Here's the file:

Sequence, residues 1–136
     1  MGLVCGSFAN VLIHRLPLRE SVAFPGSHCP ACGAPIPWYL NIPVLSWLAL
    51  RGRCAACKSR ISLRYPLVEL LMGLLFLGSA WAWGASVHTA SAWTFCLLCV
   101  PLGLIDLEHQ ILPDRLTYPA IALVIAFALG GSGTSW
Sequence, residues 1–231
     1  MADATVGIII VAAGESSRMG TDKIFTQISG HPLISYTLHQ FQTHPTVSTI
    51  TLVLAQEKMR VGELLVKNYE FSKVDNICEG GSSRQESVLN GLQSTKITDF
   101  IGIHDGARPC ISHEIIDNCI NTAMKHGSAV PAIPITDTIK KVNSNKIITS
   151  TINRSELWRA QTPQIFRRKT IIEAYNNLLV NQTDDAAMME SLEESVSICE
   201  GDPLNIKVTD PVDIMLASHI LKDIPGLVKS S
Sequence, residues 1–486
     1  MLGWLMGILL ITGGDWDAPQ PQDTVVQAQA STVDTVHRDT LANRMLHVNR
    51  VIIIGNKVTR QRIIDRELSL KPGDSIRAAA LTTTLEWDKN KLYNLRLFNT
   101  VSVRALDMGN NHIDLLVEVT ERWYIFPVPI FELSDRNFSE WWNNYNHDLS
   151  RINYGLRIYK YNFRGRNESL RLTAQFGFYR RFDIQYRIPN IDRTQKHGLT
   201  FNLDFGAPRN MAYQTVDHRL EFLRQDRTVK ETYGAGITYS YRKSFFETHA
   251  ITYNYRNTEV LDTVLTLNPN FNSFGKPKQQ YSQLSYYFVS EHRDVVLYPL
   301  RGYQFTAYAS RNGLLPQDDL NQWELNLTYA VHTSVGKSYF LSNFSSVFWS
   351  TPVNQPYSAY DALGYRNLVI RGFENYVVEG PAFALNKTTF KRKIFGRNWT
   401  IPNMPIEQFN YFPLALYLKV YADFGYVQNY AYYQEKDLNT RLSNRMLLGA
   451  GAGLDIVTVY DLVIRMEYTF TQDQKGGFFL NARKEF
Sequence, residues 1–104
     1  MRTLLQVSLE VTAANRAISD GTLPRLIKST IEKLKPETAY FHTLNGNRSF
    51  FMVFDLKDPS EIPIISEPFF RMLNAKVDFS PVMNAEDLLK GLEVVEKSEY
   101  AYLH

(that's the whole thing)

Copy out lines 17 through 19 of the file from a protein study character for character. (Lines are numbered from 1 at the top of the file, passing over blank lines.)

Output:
   251  ITYNYRNTEV LDTVLTLNPN FNSFGKPKQQ YSQLSYYFVS EHRDVVLYPL
   301  RGYQFTAYAS RNGLLPQDDL NQWELNLTYA VHTSVGKSYF LSNFSSVFWS
   351  TPVNQPYSAY DALGYRNLVI RGFENYVVEG PAFALNKTTF KRKIFGRNWT